Stan Lee needs little introduction.
But by way of a brief recap, the Marvel visionary, who died in 2018, created some of the best-known characters in modern pop culture, including Spider-Man, the Hulk, the X-Men and the Fantastic Four. He landed his debut writing credit on 1941’s Captain America #3, and his final was a posthumous credit for his cameo in 2019's Avengers: Endgame, then the highest-grossing film in history, which was released six months after his death aged 95.
With the documentary Stan Lee, which has its premiere at the Tribeca Film Festival on Friday, director David Gelb hopes to unmask the man behind the comics and cameos. Lee is the highest-grossing “actor” ever, having appeared in 51 cameos, despite rarely being on screen for more than a few seconds.
Gelb tells Lee's story through archival footage and, of course, comic book panels. He also employs clay models, which are quirky initially, but lose the novelty. Some claymation might have helped, though budgetary or time constraints could have been a factor – the film was only announced on what would have been Lee’s 100th birthday on December 28 last year.
The film's narrator for the most part is Lee himself, with deftly edited audio taking us through his childhood in New York and first foray into comics when, aged 17, he landed a job as an office assistant at Marvel forerunner Timely Comics in 1939.
Lee was soon involved on the creative side at the understaffed publisher, but it looked like his comics career would be over when the US entered the Second World War. Upon enlisting in the army, however, he was appointed "playwright," thanks to his employment history. It was a loose description – his first job was rewriting the training manual for financial controllers.
The speed at which war had broken out had left the army’s accountants severely under-resourced, and soldiers weren’t being paid. Lee found that by adopting a comic book style for the manual, training took six weeks, not six months. A lesson was learnt: comic books could be so much more.
Thus, we learn, sprang Lee’s lifelong obsession that comics should educate as well as entertain. He wanted to write about real people, with problems and fears, not one-dimensional heroes. His publishers later were unconvinced, so he slipped Spider-Man – a teenager with girl troubles, an overbearing aunt, and a worrying naivety about the real world – out through the back door in 1962 in an already cancelled comic.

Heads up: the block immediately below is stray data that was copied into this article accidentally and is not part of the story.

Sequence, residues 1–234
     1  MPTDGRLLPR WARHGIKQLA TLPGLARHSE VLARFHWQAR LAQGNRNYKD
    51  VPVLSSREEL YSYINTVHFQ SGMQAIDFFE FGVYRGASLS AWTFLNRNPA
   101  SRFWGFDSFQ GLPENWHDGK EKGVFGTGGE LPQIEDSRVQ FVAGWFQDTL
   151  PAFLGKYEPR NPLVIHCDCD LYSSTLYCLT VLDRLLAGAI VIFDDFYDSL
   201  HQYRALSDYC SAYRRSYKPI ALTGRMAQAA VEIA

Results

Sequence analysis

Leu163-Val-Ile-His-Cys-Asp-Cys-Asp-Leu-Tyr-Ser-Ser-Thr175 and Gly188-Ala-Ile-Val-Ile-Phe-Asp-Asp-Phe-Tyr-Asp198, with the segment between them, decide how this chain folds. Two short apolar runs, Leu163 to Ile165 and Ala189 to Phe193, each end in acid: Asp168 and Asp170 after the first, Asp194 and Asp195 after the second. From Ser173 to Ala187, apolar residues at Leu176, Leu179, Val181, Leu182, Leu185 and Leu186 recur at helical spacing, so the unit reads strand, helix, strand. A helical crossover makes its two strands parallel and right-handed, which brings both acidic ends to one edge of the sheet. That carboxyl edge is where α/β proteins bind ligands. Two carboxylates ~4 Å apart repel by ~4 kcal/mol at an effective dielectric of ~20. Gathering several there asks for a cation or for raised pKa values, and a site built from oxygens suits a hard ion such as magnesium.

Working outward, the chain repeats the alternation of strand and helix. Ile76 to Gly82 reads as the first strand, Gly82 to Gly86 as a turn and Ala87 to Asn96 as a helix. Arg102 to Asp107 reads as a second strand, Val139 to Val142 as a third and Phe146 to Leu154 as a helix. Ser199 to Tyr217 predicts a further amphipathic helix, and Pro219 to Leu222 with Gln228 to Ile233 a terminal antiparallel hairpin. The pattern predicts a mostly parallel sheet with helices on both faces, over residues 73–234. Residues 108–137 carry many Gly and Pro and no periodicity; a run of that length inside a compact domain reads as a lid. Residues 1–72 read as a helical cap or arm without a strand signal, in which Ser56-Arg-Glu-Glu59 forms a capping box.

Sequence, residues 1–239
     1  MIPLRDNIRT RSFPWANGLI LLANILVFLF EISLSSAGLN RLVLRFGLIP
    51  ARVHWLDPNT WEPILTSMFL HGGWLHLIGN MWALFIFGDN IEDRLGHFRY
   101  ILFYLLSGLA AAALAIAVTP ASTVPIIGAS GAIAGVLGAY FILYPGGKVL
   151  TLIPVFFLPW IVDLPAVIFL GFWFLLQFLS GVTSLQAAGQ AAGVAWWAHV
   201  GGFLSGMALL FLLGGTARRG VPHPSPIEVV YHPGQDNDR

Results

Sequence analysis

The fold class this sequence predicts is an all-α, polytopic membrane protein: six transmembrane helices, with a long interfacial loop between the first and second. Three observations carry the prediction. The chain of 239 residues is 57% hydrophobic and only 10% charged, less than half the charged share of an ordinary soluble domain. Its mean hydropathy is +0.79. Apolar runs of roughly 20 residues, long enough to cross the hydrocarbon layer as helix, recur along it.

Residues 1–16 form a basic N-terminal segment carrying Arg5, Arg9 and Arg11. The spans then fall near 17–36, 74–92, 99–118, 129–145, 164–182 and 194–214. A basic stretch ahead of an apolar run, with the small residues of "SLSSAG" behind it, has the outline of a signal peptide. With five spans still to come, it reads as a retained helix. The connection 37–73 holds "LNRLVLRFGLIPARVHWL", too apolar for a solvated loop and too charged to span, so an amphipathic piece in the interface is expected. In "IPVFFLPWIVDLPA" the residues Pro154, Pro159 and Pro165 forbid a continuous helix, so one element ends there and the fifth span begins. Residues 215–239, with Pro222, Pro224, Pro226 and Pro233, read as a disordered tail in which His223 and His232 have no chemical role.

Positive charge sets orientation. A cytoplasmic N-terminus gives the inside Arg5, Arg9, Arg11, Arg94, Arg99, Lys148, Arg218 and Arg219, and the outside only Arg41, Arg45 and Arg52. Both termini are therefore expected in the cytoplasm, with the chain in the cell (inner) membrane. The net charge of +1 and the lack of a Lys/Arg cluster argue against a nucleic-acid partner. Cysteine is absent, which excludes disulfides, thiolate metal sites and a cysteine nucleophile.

It was a hit, and soon his editorial freedom was assured.
Lee would later give us female superheroes, black superheroes and supervillains who maybe had a point, all while his competitors continued churning out chisel-jawed, all-American cliches, and the sales kept rising.
It wasn’t all living the dream, however. The film details how in 1972 Lee was promoted to publisher, a role for which he was unequivocally unsuited. He could no longer write the comics he loved, so he toured the world talking about them rather than busying himself with the accounts and minutiae his role required, much to the board’s dismay.
Through the '80s and '90s, Lee became increasingly estranged from Marvel, despite an honorary chairmanship, and it’s a shame the film entirely glosses over this period. In 2001 Lee even wrote his first comic for arch-rival DC, which had stolen Marvel’s comics-with-a-conscience crown, while Marvel sailed constantly close to bankruptcy.
It would have been fascinating to hear Lee’s thoughts on this era, in which the brand he created and held so dear almost imploded.
The film doesn’t entirely avoid tricky subjects, though. We’re treated to an explosive phone exchange between Lee and his collaborator-in-chief since the Timely Comics days, artist Jack Kirby. Kirby left Marvel in 1970, essentially over a huge clash of egos about who really created Spider-Man – artist or writer. The exchange doesn’t answer the question, but gives an insight into the strains beneath the surface of Marvel’s golden 1960s era.
Stan Lee isn’t quite warts and all. The legal wrangles and misconduct allegations are sidestepped, too. But it’s an intriguing history that fans will love, and followers of cultural history will appreciate.
As for the big question: Yes, there is a highlights reel of some of Lee’s best cameos in 40-plus years of Marvel on screen.